The Bank of England has warned that the UK housing market is still the "greatest domestic risk to UK financial stability" as the average property price remains high.

Both the BoE Governor and deputy governor voiced their concerns at a press briefing on 16 December after the Office for National Statistics revealed that the average UK house price still stands at £271,000 (€339,695, $425,190).

While this is still down from £273,000 in September 2014 and £274,000 in August, BoE Governor Mark Carney warned that "momentum may return to the UK housing market after the stamp duty cut and the fall in mortgage rates". This would mean more Britons seeking a new home in 2015.

Furthermore, BoE deputy governor Sir Jon Cunliffe said that therefore the UK housing market is the "greatest domestic risk to UK financial stability."

The BoE has kept UK interest rates at a record low of 0.5% since 2009.

The BoE capped mortgage lending on 1 October while the Financial Conduct Authority installed new affordability checks for homeowners to stop soaring UK house prices.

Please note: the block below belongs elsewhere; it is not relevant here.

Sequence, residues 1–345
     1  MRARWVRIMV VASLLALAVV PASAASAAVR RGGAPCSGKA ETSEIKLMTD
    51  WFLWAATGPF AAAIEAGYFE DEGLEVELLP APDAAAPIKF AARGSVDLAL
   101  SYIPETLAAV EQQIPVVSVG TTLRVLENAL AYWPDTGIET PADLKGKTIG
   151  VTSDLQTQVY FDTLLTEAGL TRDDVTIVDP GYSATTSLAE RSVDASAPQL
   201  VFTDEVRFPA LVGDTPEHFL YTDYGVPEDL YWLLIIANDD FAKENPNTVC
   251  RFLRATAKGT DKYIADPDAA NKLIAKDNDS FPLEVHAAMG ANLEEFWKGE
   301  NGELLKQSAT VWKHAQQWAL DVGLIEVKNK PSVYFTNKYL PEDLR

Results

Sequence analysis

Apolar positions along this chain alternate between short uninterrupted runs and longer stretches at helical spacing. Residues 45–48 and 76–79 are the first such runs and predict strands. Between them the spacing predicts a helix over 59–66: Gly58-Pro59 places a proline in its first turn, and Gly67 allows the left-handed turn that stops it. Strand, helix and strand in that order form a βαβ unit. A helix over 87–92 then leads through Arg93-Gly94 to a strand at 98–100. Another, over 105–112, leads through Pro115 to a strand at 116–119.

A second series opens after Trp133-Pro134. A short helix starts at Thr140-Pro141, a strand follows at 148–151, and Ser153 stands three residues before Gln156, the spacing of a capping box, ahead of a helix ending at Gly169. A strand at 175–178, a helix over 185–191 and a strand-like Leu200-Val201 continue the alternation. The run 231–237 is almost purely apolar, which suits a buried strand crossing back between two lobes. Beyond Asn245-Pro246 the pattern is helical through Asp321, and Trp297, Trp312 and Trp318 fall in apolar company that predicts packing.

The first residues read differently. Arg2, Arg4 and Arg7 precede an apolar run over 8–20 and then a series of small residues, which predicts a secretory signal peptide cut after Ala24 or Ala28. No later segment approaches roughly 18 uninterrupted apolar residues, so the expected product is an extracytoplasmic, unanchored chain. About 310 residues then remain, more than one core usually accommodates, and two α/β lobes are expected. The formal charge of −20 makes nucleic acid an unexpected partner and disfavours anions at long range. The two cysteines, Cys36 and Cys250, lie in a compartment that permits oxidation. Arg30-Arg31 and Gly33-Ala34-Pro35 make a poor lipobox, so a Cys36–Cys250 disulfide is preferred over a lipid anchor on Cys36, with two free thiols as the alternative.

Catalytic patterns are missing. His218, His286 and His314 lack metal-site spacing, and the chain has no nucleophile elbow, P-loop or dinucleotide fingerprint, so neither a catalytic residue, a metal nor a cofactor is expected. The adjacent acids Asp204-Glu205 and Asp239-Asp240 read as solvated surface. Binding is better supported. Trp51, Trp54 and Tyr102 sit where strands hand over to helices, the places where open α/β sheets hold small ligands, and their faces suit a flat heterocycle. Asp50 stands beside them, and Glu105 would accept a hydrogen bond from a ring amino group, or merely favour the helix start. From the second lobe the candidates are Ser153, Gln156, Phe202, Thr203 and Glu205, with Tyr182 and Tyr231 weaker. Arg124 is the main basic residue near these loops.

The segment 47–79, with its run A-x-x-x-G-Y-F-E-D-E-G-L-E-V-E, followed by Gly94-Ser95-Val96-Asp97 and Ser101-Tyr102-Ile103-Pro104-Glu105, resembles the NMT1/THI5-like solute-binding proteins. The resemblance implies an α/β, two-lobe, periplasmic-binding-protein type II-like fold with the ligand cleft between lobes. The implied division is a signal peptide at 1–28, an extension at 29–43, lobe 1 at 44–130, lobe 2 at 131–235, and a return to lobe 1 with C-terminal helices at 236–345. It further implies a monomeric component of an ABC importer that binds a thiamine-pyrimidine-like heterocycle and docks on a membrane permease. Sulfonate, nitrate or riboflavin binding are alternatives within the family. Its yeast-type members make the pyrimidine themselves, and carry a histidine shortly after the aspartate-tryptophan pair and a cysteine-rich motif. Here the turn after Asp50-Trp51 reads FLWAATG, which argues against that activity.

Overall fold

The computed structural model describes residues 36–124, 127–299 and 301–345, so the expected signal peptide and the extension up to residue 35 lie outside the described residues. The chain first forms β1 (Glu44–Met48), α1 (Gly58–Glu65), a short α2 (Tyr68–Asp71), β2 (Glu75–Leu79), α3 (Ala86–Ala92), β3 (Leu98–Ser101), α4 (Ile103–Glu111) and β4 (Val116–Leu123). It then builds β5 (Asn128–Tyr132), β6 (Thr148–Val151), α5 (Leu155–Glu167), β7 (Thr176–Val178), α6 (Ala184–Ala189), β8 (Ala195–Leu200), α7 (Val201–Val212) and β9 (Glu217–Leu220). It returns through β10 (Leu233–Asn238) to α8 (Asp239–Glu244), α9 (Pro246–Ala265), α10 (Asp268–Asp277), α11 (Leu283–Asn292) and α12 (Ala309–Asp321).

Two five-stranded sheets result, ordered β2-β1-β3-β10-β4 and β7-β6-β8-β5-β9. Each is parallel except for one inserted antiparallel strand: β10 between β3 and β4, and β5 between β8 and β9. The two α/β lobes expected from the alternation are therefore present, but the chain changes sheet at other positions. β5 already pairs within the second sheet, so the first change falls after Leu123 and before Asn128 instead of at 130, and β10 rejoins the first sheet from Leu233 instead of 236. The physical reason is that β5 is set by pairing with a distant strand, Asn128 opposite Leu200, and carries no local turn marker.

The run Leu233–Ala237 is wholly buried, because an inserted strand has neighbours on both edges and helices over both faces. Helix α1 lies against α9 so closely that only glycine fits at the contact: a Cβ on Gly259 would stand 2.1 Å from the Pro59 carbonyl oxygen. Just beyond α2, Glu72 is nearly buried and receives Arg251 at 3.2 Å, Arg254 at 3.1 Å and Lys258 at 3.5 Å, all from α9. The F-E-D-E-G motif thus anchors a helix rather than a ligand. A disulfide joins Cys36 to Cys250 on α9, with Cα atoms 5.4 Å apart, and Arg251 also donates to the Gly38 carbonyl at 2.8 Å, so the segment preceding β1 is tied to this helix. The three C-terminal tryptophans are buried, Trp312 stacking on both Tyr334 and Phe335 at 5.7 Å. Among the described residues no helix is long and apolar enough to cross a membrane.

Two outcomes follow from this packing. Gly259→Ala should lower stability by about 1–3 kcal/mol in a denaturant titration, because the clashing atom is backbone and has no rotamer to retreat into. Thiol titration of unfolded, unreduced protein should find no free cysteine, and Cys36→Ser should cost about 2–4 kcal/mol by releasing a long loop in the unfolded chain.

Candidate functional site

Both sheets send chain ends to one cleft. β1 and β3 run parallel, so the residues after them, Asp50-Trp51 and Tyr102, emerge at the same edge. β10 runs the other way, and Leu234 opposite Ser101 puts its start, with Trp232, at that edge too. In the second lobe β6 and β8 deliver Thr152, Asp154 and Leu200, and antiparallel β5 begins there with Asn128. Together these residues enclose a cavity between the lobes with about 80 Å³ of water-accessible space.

The checks are also designed to make sure that Britons are able to withstand a rise in rates after obtaining a mortgage.

However, in the Chancellor's Autumn Statement, Osborne abolished the old stamp duty system.

Stamp duty works on a "slab" basis, by which the percentage paid applies to the purchase price band. This can have a distorting effect on the housing market, because a house is very difficult to sell at prices just above each threshold, for example £250,001.

However, under the new rules, stamp duty on a property will be paid in a method comparable to the system of income tax.